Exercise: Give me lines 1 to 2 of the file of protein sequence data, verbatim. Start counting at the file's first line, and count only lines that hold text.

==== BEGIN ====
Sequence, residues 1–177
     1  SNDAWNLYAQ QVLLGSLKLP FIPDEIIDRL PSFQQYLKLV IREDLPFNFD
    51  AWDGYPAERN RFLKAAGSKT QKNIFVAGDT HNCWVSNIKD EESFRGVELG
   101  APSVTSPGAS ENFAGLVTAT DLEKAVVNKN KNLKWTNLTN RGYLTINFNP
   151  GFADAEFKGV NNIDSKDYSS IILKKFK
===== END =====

Sequence, residues 1–177
     1  SNDAWNLYAQ QVLLGSLKLP FIPDEIIDRL PSFQQYLKLV IREDLPFNFD